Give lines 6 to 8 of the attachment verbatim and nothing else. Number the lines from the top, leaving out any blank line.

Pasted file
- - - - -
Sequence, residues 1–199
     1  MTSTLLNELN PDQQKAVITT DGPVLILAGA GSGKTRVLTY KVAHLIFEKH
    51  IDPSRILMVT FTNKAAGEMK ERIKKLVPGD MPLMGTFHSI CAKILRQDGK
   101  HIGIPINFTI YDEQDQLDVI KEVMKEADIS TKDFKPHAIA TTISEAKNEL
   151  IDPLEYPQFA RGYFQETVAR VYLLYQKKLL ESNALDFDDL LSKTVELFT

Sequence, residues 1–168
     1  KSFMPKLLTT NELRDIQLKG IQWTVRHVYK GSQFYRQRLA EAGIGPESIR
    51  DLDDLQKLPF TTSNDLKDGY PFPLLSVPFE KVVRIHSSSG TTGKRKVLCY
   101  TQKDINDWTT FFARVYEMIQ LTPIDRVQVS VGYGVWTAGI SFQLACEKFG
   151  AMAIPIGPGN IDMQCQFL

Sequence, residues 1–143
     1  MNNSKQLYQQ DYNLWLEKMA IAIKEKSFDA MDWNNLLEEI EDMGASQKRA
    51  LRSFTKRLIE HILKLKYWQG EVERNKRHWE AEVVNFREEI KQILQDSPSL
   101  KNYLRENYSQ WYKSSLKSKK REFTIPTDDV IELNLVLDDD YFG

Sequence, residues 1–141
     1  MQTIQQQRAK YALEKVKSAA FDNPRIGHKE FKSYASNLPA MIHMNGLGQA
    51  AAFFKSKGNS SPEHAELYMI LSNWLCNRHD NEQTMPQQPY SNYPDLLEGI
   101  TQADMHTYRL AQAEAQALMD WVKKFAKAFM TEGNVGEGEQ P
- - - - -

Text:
Sequence, residues 1–168
     1  KSFMPKLLTT NELRDIQLKG IQWTVRHVYK GSQFYRQRLA EAGIGPESIR
    51  DLDDLQKLPF TTSNDLKDGY PFPLLSVPFE KVVRIHSSSG TTGKRKVLCY